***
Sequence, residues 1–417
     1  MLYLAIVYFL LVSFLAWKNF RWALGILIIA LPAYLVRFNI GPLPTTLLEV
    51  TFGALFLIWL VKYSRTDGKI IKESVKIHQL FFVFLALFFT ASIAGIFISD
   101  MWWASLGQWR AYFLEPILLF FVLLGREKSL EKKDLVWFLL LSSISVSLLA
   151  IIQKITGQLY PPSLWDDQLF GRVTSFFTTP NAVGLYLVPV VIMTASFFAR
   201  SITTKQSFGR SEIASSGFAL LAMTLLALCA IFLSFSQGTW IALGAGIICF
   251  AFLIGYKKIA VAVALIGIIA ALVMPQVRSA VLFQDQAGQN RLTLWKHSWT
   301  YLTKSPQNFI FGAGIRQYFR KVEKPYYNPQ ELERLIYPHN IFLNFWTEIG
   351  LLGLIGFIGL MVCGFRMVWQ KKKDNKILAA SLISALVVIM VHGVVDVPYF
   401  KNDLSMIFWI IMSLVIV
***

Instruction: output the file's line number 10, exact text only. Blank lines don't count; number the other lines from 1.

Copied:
   401  KNDLSMIFWI IMSLVIV